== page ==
You know that I love me some natural disaster books. But I am also a fan of the frozen liquid called ice. When were traveling in Europe, where they do not believe in my favorite chilling beverage additive, I asked for ice and I got a glass. Sigh. So today I offer you Fire and Ice - some captivating books about fire in a natural setting and then a couple to cool you off.
Yes please and then some. This is my favorite kind of natural disaster fiction. There is an excellent balance between the actual natural disaster part - in this case a very active series of Icelandic volcanoes - and the main character’s life. Dr. Anna is a leading volcanologist in Iceland and when the volcanoes in her area of the country become active, everyone turns to her for what to do. Unfortunately, her life is a mess. Her son can’t find a good job, her mother is sick, and she’s questioning her marriage. Then everything blows up. Literally. (Sorry, no spoiler alert. You knew that was coming.) This book was apparently huge in Iceland and I can see why. I did wish I understand the Icelandic language better, but the translator does a good job. If you want to read this, get your ILL request in today!
I love ice. Maybe more so in drinks than say, on the roads in the winter. But I want my drinks cold like the arctic tundra. So anyway, I put ice in everything, and when I saw this book, I was in. I think ice has become so ubiquitous, in the US at least, that sometimes we take it for granted. It’s hard to believe that we just haven’t always had access to ice, especially here in the south. Brady talks about how popular, and rare, ice cream was for folks like George Washington and Thomas Jefferson. Fun fact, my great-great grandfather used to be an ice man - one of those guys who carried the 50 lb. blocks and put them in people’s ice boxes before manual refrigeration. Once refrigerators became a thing, someone also figured out how to make ice rinks, which provide us with figure skating (yes, please), speed skating (ok) and hockey (why not?). There’s even a section on curling. Good times. Think about all the ways that ice makes life better. If you need some suggestions, check this one out. It’s an excellent read.
Everything I said in the first review - except this time it’s nonfiction instead of fiction. I remember hearing about the devastating Fort McMurray fires when they were happening, but I had no idea where they were (my geography skills are not the best). Recently I also read a graphic novel about working in the oil industry called Ducks: Two Years in the Oil Sands. So to bring you up to speed, in Alberta, Canada (think Calgary) the northern portion of the province is home to the oil sands that companies like Sunco mine for bituminous sand that they can refine into oil. In 2017, one of the hottest forest fires on record burned (basically vaporized) a large portion of the town of Fort McMurray. This fire was so hot and so big that it burned for the better part of 17 months. This book was equal parts fascinating (the fire) and terrifying (the data about climate change). I highly recommend this one.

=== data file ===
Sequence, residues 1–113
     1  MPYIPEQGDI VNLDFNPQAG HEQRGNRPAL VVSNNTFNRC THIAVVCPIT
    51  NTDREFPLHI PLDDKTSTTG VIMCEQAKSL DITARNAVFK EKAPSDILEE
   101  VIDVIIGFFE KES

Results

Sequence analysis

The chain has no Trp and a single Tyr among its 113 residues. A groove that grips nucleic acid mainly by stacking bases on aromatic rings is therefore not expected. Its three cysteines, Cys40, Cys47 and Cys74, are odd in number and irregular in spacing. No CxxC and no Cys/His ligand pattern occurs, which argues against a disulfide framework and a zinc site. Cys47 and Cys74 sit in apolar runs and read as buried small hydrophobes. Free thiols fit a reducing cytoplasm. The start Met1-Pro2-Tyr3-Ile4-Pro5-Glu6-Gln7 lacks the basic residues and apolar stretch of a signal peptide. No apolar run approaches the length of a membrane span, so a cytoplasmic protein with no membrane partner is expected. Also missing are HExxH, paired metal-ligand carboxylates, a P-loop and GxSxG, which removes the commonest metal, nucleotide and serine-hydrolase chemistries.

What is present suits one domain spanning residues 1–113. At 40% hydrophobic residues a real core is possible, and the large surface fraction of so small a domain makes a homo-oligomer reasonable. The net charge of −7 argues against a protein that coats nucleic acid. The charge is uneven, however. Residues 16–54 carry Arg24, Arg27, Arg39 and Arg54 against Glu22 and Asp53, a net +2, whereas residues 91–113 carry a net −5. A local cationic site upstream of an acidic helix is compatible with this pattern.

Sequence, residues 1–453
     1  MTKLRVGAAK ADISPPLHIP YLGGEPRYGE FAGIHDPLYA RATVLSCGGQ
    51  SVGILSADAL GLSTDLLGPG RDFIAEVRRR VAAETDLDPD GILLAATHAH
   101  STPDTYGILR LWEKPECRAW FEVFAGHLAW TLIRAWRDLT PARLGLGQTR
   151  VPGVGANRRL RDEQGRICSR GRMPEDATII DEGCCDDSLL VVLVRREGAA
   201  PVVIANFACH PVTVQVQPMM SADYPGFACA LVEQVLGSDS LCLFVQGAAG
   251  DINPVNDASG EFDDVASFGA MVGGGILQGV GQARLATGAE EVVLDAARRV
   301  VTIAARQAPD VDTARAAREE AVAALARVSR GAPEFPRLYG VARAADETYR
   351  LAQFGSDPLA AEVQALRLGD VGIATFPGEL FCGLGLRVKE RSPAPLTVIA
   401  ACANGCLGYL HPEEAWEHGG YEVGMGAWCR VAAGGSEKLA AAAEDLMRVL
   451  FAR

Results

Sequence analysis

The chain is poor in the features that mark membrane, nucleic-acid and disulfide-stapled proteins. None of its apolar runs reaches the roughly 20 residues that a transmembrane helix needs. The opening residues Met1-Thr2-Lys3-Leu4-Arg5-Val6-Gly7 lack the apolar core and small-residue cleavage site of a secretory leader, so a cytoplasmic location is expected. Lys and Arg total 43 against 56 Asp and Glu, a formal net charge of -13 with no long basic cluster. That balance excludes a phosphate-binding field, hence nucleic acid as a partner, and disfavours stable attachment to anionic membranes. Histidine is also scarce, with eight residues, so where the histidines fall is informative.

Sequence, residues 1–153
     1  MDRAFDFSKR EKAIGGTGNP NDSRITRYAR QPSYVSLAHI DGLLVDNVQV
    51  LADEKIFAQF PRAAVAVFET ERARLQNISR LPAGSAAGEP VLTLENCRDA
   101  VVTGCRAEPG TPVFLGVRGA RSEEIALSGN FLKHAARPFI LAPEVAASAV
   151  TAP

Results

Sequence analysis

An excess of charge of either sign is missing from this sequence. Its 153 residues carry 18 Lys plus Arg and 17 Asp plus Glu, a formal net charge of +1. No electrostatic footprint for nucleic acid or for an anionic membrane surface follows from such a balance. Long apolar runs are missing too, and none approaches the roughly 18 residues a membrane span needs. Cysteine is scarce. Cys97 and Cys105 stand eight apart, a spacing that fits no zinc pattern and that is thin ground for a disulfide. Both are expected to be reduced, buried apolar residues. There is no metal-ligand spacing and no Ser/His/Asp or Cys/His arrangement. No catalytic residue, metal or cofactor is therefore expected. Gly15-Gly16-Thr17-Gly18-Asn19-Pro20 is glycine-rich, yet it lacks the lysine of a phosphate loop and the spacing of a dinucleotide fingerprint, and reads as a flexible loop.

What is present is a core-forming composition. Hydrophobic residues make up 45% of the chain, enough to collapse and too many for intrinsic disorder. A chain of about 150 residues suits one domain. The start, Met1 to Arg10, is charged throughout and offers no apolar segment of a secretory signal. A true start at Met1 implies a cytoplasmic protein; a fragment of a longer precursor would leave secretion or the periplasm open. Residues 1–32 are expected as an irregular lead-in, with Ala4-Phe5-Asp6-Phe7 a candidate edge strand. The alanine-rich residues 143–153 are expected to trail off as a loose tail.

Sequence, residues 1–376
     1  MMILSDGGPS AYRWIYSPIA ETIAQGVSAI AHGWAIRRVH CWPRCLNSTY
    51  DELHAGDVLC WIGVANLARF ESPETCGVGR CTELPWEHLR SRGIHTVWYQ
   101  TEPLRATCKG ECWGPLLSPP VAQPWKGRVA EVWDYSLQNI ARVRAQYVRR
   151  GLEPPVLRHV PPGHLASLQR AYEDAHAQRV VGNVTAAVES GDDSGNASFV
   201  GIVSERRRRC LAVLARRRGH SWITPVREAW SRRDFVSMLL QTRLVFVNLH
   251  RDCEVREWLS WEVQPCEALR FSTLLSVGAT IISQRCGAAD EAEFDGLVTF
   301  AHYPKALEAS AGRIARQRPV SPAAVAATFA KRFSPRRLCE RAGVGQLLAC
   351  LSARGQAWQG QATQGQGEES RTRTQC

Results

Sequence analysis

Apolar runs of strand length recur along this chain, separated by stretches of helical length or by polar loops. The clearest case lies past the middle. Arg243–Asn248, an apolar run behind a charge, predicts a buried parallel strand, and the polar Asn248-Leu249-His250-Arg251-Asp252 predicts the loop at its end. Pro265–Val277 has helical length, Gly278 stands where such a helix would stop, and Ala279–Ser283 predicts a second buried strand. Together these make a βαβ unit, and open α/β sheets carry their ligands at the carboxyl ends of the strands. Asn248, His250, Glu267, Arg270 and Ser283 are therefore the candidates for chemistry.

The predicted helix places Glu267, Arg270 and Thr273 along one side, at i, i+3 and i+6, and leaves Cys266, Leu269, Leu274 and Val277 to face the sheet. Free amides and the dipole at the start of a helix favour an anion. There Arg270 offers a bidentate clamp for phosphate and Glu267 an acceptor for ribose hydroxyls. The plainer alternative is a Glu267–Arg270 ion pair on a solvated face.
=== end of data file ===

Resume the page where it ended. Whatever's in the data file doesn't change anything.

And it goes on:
So apparently, hockey romances are kind of a thing at the moment. Who knew, right? And this is the one I’ve heard the most buzz about, so I jumped right in. Anastasia is a fabulous pairs skater whose partner is a bit of a dink. Good thing she bumps into hot hockey guy Nate, so he can step in and help out when her original partner gets hurt. I enjoyed this one, even though I know basically nothing about hockey. I liked both Stas and Nate, but I must admit they made some different choices in college than I did. Also, it took me about 100 pages to get into the book, so give it some time if you don’t immediately love it. The back half is more than worth the effort. Check out your copy today before the Zamboni machine comes to sweep it away.
Growing up in northern Indiana, Chicago was my city until I moved to Nashville. This means I am always fascinated with books about the Windy City. In October 1871, over half the city burned in a massive fire that may or may not have been started by Mrs. O’Leary’s cow (read the book for more on the truth of this legend). This fire is also the reason that Chicago exists in its current form. When all the individual houses burned down, that gave the city architects a blank canvas on which to rebuild. I have to say that I enjoyed the first half of this book about the fire more than the second half about the politics. A great companion to this would be the book below about the firestorm that hit Peshtigo, WI the same night that Chicago burned.
So hopefully you learned something, and if not, maybe at least your drinks were cold.
Happy hot and cold…